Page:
Can you give an example of the type of projects the department is pursuing?

We are making increasing use of software-as-a-service platforms for new application development. Our application developers have built skills in platforms like Salesforce and have successfully delivered a range of small-medium sized applications. These projects are substantially ‘in-house’, rather than requiring traditional procurement/outsourcing approaches. The experience so far is faster, better and less costly projects compared to the past. We are re-platforming some of our other applications to Microsoft Azure via CenITex.

We are also quite excited about some integration projects that take a more analytics-driven approach. One example is ‘Client overview prototype’. Within human services the idea of a single client view is the holy grail, in a similar way to the pursuit of integrated patient records in healthcare. It should be possible to view a holistic understanding of the services a client has received and their relationships with the various services providers in the mix. The fragmented nature of the public purpose sector and its organisations, programs and systems make this very difficult.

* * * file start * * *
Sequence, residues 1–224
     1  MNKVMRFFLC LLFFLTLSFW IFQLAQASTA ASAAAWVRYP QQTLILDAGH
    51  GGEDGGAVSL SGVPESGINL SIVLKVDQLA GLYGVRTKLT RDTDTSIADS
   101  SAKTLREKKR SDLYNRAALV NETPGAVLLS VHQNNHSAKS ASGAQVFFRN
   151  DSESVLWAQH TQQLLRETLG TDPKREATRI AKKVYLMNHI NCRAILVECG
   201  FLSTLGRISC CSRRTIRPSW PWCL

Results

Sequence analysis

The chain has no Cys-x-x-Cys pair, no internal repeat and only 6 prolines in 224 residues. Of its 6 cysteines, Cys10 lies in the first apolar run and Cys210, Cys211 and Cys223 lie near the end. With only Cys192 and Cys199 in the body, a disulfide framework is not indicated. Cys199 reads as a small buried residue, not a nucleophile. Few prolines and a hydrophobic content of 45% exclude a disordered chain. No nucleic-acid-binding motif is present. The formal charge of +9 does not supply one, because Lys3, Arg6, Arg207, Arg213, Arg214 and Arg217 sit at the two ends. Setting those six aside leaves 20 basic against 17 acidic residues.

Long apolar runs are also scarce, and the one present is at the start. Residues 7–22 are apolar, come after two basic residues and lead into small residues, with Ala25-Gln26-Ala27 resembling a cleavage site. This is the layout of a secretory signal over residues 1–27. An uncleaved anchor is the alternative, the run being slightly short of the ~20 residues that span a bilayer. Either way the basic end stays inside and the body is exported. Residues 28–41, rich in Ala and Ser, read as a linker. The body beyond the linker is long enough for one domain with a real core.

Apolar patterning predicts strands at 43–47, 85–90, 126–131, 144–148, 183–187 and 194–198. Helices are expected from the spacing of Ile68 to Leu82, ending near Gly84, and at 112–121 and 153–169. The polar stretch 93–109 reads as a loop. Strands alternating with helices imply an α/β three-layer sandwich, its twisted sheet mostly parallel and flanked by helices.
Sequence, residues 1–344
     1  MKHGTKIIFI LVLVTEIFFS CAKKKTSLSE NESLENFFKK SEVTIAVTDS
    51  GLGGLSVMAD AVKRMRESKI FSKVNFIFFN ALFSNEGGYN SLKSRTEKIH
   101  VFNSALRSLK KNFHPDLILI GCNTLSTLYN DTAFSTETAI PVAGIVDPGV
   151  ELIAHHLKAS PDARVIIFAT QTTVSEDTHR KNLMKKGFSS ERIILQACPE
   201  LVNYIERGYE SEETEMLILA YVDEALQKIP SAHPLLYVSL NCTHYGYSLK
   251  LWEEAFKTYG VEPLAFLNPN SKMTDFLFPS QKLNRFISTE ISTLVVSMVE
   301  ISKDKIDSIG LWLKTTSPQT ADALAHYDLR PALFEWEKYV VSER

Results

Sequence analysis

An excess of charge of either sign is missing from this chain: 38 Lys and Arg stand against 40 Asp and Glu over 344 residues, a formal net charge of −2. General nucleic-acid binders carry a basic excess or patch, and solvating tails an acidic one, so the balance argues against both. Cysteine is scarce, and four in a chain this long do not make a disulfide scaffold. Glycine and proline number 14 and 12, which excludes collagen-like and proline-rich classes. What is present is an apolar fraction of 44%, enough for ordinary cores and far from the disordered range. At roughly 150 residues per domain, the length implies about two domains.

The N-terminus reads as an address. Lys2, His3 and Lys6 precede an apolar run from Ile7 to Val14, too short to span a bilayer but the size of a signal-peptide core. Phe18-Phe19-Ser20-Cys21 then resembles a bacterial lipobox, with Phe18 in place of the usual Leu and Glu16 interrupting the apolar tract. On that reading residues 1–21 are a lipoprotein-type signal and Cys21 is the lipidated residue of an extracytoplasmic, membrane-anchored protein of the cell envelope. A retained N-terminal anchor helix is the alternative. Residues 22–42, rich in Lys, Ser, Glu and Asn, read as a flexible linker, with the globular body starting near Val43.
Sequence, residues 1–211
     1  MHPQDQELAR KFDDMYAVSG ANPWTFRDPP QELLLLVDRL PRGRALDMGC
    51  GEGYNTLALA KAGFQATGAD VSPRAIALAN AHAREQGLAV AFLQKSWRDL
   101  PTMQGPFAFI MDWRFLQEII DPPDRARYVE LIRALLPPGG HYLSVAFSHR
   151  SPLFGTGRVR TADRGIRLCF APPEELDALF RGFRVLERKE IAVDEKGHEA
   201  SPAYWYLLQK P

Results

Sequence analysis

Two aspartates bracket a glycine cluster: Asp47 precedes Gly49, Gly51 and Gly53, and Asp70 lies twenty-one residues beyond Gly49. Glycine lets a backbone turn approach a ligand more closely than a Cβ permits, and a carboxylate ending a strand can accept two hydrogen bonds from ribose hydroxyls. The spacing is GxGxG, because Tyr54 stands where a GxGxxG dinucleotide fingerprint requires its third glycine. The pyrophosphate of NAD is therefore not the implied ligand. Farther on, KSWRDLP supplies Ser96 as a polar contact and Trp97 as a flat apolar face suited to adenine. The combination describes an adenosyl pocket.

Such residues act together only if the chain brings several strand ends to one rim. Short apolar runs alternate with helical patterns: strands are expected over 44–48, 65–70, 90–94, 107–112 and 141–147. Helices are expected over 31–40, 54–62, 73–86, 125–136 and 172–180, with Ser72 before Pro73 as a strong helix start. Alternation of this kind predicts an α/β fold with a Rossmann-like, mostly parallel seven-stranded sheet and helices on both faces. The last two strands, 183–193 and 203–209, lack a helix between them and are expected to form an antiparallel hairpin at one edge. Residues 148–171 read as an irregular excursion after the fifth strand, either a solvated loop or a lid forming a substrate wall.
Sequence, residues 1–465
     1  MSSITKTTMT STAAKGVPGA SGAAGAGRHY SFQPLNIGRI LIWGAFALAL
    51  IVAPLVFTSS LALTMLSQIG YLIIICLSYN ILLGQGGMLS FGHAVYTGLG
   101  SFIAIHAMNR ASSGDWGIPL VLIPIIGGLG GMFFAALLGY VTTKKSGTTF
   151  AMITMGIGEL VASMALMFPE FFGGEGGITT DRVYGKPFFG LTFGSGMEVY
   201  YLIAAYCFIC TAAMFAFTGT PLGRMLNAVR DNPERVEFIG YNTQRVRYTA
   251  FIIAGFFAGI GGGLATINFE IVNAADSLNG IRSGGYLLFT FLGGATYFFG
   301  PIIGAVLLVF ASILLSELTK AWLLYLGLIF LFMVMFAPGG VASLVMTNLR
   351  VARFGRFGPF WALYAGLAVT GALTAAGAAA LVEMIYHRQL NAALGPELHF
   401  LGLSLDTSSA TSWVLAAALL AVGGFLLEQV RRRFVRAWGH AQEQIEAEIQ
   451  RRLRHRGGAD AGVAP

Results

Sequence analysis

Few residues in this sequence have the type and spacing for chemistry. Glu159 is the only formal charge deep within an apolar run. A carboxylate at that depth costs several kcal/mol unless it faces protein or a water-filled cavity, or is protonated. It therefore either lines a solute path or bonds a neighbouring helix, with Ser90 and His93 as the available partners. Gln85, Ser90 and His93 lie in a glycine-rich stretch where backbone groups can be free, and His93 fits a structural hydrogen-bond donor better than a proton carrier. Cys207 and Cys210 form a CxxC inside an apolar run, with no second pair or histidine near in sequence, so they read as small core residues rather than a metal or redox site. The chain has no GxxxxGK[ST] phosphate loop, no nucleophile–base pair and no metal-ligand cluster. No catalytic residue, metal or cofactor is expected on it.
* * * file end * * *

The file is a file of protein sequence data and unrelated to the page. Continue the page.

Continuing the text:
Even within one department it is not easy. Over time structures, programs and systems are repeatedly ‘cut and diced’. So, one of the platform plus agile projects we have done this year is the Client Overview Prototype, which gives us a holistic view across child protection, disability services, youth justice and housing datasets.

As I mentioned earlier, it is done using ‘analytics thinking’, rather than what we may regard as more traditional real time system integration. We take an extract from the data and treat it as a data visualisation and matching type process, using modern tools (including open source ones). Within a short period, at a relatively low cost, we have managed to create a functional prototype. It can be easily scaled up and extended by adding more data sets to the bucket of data. The prototype is being used to inform service design work that is underway to create more integrated community service responses.

The technology is now becoming the easy part. The difficulties now revolve around who can see data and under what circumstances.